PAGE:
We know of the power of communal meals.  Holiday feasts sustain our souls.  Shared laughter and drink with friend feeds us to our core.  Gathering around the promises and the incarnation of communion draws us to pools of grace and heals our hurts.  This supper revives.  This supper enkindles love.


Dear God, we thank you for the lyrical verses and images of St. John of the Cross.  Help us await the bridegroom.  Help us rest, look, pray and linger our way through Advent.  Revive us and enkindle love.  Amen.

Monday, December 7, 2020

Speaking and Singing Word to One Another

 Dearest e-votees,  

Today is a day set aside in the church to commemorate Ambrose, the bishop of Milan.

Ambrose is credited with the innovation of singing hymns antiphonally.  (One person sings part of the psalm and the gathered group responds with the next portion or the antiphon).

Many worship services to this day practice responsive reading or singing as a way to share in God's word together.  

Peace,

Karl

+ + +

There are lots of ways to confess our sins and to be assured of God's forgiveness.  Confession and absolution are important parts of our worship services.  Often the congregation as a whole confesses and the pastor offers a word of absolution.  That is good and salutary.  Sometimes the weight and burden of the guilt lead one to offer confession in a one-on-one setting with an offended party or with a member of the clergy.  The words of absolution from one who has been wronged or on behalf of the church and God through a called minister are also good and salutary.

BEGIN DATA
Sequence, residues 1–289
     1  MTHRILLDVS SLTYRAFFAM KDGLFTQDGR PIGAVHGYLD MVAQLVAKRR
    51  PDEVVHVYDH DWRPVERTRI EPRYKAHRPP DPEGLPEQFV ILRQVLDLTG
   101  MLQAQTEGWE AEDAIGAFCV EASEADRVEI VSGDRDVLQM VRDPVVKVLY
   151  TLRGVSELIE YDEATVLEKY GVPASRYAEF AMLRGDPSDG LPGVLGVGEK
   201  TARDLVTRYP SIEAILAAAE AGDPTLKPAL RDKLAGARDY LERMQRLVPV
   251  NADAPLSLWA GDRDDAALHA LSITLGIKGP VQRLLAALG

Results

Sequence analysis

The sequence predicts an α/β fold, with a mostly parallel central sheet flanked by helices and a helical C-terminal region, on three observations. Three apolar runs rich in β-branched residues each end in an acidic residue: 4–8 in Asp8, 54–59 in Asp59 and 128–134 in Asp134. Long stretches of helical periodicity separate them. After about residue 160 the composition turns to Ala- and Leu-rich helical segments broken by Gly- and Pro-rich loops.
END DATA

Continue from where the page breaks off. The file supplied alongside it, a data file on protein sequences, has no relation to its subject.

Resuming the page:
But what speaks quite powerfully to me and through me is when a community practices responsive confession and forgiveness.  Part of the gathered community offers a word of confession.  The other part of the gathered community receives that confession and then speaks a word of forgiveness and absolution.  Immediately thereafter the groups switch parts so that all confess and all speak forgiveness.  I like this because it powerfully embodies for me the mutual consolation of the saints.  All of us are sinners and need to confess.  All of us are called to speak forgiveness and good news to those who seek comfort in the gospel.